Exhibition: “Zinzendorf in America”
October 1 - October 31
In 1741 a German count arrived in Philadelphia. During the following fourteen months Count Nikolaus Ludwig von Zinzendorf, founder and leader of the Moravian Church (Herrnhuter Brüdergemeine), visited German and English colonists throughout the Northeast, preached wherever he had an opportunity, traveled among the American Indians, and organized Moravian churches in places such as Bethlehem, Philadelphia, Nazareth, and New York. Zinzendorf’s daughter Benigna founded one of the earliest schools for girls in the country. When Zinzendorf and his travel company sailed back to England In January of 1743 his followers continued the work. The Moravians have left an unmistaken mark on the culture of early America.
Nikolaus Ludwig von Zinzendorf was born in 1700 in Dresden, Germany, where his father served in the government of the Elector of Saxony. In 1722 Zinzendorf gave refuge to a group of Protestants from Moravia who founded the town of Herrnhut on his estate. Under Zinzendorf’s leadership, Herrnhut became the center of a worldwide church, the Herrnhuter Brüdergemeine or Moravian Church, that continues to exist. Today the Moravian Church has over 1,1 million members in forty countries worldwide. The Moravian Church in North America with 160 congregations traces its origins to this visit by a German count in 1741.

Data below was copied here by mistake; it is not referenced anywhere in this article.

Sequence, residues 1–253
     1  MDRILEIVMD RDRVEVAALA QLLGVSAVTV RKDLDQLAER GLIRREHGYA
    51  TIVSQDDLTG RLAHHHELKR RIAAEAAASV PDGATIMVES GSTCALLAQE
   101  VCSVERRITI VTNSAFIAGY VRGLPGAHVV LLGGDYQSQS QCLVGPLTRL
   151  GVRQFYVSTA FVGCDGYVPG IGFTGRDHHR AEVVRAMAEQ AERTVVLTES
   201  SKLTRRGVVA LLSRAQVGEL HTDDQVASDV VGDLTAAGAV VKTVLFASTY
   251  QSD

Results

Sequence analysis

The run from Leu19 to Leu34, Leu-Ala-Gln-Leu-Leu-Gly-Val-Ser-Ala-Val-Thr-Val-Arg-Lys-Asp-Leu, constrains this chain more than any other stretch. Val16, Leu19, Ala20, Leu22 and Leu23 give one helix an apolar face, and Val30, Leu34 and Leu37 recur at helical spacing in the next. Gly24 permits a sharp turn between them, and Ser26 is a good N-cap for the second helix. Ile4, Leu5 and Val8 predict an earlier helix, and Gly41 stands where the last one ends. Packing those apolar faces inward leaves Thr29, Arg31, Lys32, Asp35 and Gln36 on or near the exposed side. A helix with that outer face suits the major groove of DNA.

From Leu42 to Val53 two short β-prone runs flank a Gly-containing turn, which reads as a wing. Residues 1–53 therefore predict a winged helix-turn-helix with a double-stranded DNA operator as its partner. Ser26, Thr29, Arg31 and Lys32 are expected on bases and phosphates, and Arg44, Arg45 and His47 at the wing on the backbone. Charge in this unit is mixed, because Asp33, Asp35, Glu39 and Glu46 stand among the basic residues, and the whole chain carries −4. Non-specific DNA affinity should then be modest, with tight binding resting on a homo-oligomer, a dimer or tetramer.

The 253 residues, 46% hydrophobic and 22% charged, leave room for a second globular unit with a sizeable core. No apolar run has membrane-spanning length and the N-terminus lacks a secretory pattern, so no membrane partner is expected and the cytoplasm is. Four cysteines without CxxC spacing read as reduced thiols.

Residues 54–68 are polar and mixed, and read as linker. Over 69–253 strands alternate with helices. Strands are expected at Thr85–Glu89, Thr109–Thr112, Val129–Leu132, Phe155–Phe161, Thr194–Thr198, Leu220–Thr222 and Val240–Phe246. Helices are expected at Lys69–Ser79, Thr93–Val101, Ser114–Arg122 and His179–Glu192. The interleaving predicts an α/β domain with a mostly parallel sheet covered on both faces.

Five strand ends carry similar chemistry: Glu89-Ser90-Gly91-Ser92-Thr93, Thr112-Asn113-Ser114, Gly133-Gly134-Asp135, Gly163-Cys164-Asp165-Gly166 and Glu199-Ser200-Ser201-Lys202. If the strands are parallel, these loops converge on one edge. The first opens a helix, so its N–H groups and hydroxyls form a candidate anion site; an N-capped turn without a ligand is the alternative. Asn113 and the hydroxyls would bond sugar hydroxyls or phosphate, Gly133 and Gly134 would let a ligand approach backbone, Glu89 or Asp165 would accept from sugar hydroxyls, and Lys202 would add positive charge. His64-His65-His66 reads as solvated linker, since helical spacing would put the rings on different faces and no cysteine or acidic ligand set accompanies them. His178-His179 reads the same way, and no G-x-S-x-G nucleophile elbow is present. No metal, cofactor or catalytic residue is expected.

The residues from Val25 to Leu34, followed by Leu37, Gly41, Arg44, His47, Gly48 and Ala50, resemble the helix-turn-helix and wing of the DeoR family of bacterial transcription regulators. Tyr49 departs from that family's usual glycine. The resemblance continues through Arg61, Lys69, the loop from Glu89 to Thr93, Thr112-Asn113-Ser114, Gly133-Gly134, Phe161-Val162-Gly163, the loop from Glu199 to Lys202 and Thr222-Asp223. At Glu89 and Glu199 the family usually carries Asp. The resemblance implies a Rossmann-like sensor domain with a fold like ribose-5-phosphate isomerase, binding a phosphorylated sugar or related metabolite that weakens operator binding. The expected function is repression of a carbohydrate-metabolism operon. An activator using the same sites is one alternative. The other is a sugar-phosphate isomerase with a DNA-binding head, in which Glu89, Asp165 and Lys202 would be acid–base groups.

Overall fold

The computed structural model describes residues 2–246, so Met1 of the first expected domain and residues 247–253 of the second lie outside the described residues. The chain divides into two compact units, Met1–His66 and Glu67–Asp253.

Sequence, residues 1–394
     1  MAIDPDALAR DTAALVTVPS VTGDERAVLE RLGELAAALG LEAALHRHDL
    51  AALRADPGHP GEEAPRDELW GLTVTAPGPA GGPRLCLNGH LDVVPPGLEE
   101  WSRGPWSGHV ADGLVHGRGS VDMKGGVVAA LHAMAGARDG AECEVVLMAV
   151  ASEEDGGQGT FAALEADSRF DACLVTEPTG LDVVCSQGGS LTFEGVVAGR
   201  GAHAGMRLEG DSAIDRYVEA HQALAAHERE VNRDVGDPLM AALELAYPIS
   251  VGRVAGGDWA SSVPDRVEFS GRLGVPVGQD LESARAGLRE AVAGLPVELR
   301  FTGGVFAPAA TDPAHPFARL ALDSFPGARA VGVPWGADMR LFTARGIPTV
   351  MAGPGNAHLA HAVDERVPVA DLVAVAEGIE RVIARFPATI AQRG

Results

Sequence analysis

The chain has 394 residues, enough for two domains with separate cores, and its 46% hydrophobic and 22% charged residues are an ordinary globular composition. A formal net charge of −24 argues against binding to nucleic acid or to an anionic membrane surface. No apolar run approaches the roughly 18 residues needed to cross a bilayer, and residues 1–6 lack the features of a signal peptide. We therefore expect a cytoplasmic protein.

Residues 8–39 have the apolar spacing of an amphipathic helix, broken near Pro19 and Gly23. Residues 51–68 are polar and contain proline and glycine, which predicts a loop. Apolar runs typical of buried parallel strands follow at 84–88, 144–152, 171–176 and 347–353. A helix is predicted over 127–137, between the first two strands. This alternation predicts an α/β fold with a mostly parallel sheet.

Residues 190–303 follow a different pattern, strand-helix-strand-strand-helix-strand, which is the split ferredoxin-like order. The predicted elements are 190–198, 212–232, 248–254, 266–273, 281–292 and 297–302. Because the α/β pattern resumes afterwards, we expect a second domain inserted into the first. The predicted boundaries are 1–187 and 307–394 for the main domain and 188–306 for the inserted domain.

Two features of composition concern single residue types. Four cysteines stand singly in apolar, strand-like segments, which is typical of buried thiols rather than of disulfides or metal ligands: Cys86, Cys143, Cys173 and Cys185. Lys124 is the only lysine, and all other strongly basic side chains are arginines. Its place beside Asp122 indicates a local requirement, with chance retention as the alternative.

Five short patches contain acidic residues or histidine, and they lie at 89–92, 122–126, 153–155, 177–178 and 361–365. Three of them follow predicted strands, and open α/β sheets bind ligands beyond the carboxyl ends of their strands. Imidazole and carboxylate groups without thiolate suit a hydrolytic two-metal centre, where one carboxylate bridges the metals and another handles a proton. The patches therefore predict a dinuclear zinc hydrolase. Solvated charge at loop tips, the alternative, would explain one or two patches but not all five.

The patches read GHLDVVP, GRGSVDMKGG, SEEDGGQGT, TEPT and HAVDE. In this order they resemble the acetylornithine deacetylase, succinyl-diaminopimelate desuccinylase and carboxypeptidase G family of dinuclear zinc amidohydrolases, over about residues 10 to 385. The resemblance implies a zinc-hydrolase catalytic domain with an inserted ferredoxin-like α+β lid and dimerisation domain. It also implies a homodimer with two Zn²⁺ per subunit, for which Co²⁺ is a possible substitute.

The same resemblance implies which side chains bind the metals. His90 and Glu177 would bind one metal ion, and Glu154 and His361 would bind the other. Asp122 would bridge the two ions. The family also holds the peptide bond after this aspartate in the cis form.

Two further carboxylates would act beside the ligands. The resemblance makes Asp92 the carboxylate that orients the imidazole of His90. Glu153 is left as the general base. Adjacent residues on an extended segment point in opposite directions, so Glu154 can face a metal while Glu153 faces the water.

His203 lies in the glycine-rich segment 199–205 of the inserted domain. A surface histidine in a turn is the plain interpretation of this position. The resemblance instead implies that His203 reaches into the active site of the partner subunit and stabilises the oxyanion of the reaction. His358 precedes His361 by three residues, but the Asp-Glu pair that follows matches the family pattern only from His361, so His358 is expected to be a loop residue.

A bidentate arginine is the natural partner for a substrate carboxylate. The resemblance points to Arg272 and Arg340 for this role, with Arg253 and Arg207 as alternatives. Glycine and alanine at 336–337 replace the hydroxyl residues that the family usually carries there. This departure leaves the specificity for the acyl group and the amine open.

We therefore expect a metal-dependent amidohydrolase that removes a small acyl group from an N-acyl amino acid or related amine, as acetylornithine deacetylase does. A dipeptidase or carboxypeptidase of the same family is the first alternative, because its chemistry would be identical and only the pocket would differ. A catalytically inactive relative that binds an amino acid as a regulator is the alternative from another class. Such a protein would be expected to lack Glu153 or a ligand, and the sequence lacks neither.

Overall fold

Zinzendorf hoped to eventually return to Pennsylvania and live in Nazareth where a large residence was built for him. However, he never came back. Zinzendorf died in Herrnhut, Germany, on May 9, 1760, less than three weeks before his 60th birthday.
This exhibit in the gallery of the Moravian Archives in Bethlehem, Pennsylvania, shows the traces left by Zinzendorf in America: objects that remind us of his visit to Pennsylvania, items passed down within his family, and artifacts acquired by the Moravian Archives in recent years. Some of the artifacts in this exhibit will be shown to the public for the first time.
The exhibit is open free of charge, starting October 2020 at the Moravian Archives, 41 W. Locust Street, Bethlehem, PA 18018; 610.866.3255; www.moravianchurcharchives.org.
Because of Covid-related precautions visitors are asked to call ahead to reserve a time slot for their visit.